35 posts tagged "Helmut Lang"
Alessandro Dell’Acqua may have been happy with the designs for his men’s and women’s Spring 2010 lines, but he is not pleased with the final product. The designer has issued a letter distancing himself from his distribution company, noting that the quality of the collections is not up to his standards. When we called for comment, Dell’Acqua declined to discuss the matter. Is he the industry’s next Hervé Léger or Helmut Lang—a designer who doesn’t own his name? [FWD]
Just as boys will be boys, fashion designers will be fashion designers. So while Marc Jacobs surprised us all by showing up in actual pants, Swarovski Womenswear Designer winner Alexander Wang mixed things up with a formal shorts look. Piece by piece, Wang’s tidy look actually consisted of black cotton-sateen Comme des Garçons shorts, a white Band of Outsiders oxford and a black vintage Helmut Lang tux jacket. (Wasn’t he in high school when Helmut was still helming his eponymous house? ) “It’s for me to feel comfortable,” explained Wang backstage. “I always feel awkward in a full get-up. You’ve got to break it up a little.” Of course, when his name was announced, Wang realized that his gentlemanly gesture of lending his jacket to his date might get him in trouble, but he wriggled it back on just in time to accept his award on stage.
Joseph Altuzarra’s résumé may be short, but it packs a solid one-two-three punch: six-month internship at Marc Jacobs, freelance design assistant for Proenza Schouler, and former assistant to New York’s premier modéliste Nicolas Caito. That’s the CV in a nutshell, which all leads up to part four: designer for his eponymous line launched for Spring 2009. Given his pedigree, it should come as no surprise that Altuzarra’s name has emerged as fashion’s new one to know. Yet the designer himself is still nonplussed by the attention. “I never planned to work in fashion,” explains Altuzarra, who was born and raised in France and moved to the U.S. to study at Swarthmore. “I was an art history major who sent his résumé to Marc Jacobs on a whim. I feel like I’ve spent the past few years playing catch-up, learning what goes into making a dress.” Continue Reading “Joseph Altuzarra: A Reason To Look Forward To Fashion Week” »
I can’t remember exactly how or when I first heard the phrase “shop your closet” (it was relatively recently), but it’s becoming an increasingly common part of my fashion writerly patois. The expression refers to the practice of diving deep into your closet, storage space, or perhaps parents’ basement to uncover your own fabulous clothing from seasons past—so long past, in fact, that they somehow feel new. It was the subject of Bill Cunningham’s “On the Street” audio slideshow yesterday titled “The Keepers.” (If you haven’t experienced one of these, I suggest doing so soon. You’ll fall into deeper love with the O.S.—Original Sartorialist, natch.) Cunningham tracked one woman who dug into her expansive armoire and revived a series of fabulous coats. She was clearly once a world-class shopper—which seems to be a necessity in making this a successful phenomenon. But we all probably have something hidden away that deserves to see the light of day. I, for one, have a black Helmut Lang coat from 2002 with a knit hood (pictured here on a fresh-faced young girl named Erin Wasson) that’s both superwarm and chic and makes me wonder why I ever put it away. Actually, those old Helmut goodies really stand the test of time. My closet “purchases” so far also include a fantastic slouchy pair of Helmut Lang pants that I tweaked slightly, having my tailor cuff them to an slightly more au courant above the ankle length. And a taupe wool double-breasted Louis Vuitton coat from 2000 that was an assistant-era splurge may well show up in 2009, too. What are you going to “buy” from your closet? Tell us what you think is worthy of revival—and what no one should bother dusting off.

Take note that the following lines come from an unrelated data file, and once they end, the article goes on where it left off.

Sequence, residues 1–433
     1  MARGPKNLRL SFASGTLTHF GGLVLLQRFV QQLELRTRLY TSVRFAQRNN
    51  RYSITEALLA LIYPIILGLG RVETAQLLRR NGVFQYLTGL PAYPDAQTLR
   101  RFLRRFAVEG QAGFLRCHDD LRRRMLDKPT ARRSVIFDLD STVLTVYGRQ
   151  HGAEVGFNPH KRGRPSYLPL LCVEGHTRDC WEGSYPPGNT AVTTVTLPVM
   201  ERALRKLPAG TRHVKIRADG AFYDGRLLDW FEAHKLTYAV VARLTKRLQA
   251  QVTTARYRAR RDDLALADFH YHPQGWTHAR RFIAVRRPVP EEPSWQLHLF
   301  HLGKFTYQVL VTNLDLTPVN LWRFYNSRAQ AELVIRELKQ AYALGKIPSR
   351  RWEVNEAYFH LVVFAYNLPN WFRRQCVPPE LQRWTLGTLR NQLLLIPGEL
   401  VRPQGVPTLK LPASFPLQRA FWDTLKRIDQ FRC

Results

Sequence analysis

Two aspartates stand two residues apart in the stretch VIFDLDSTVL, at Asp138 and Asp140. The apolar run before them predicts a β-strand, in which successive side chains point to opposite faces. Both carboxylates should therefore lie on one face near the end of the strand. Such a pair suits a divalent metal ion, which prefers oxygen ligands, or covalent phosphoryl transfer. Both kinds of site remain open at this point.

For his legion of fans, the day that Helmut Lang hung up his designer’s hat was one of fashion’s saddest. If you get to Berlin by October 11, however, you can take a trip down memory lane, with the first-ever exhibition of Lang’s digitized archive in 032c’s Museum Store. Three thousand of the 10,000 items that have been photographed were spliced into a video, documenting how his design aesthetic evolved over a nearly 20-year career. The effort is just one aspect of what Lang has been up to since stepping down in 2005—last month saw the opening of his first institutional solo art exhibition, Alles Gleich Schwer, at Hannover’s Kestnergesellschaft, another reason to make a pilgrimage to Germany this fall to bear witness to one of the world’s most moving minimalists.